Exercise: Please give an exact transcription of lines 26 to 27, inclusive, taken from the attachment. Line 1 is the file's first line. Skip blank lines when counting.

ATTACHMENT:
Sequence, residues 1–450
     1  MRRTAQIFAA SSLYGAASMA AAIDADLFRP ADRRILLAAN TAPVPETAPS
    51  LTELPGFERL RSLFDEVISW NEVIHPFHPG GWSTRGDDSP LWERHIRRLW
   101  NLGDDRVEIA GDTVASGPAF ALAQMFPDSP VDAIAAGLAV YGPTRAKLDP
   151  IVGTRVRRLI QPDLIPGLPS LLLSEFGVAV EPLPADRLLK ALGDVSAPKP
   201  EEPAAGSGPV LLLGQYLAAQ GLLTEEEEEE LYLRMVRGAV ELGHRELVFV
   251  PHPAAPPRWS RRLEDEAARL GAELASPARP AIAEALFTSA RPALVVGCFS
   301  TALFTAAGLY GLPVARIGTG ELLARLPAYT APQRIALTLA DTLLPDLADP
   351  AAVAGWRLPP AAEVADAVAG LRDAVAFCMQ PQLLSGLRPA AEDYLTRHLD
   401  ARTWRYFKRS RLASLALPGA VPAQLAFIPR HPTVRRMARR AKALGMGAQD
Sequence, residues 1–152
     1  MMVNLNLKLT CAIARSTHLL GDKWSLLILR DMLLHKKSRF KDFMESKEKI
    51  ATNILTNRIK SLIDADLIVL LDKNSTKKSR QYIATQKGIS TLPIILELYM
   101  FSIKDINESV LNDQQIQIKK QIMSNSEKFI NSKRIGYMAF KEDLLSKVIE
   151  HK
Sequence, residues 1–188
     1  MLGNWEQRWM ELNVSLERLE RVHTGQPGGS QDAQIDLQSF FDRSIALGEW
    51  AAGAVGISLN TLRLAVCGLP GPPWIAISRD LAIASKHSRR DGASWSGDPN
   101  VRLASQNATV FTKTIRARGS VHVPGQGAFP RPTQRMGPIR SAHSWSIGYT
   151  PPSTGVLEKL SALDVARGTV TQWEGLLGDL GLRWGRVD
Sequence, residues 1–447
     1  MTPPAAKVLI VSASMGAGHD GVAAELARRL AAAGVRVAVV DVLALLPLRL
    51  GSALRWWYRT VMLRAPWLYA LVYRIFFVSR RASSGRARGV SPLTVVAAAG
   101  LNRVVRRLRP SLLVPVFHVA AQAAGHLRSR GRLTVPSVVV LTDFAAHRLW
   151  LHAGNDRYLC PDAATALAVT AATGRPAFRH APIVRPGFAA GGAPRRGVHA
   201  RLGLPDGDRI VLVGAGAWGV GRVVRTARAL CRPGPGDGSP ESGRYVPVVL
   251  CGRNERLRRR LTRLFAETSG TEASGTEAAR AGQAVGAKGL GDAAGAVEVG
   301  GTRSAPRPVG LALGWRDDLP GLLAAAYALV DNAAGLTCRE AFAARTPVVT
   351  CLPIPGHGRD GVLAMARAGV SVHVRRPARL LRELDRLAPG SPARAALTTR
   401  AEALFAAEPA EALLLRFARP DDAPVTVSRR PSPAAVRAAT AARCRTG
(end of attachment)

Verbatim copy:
   201  RLGLPDGDRI VLVGAGAWGV GRVVRTARAL CRPGPGDGSP ESGRYVPVVL
   251  CGRNERLRRR LTRLFAETSG TEASGTEAAR AGQAVGAKGL GDAAGAVEVG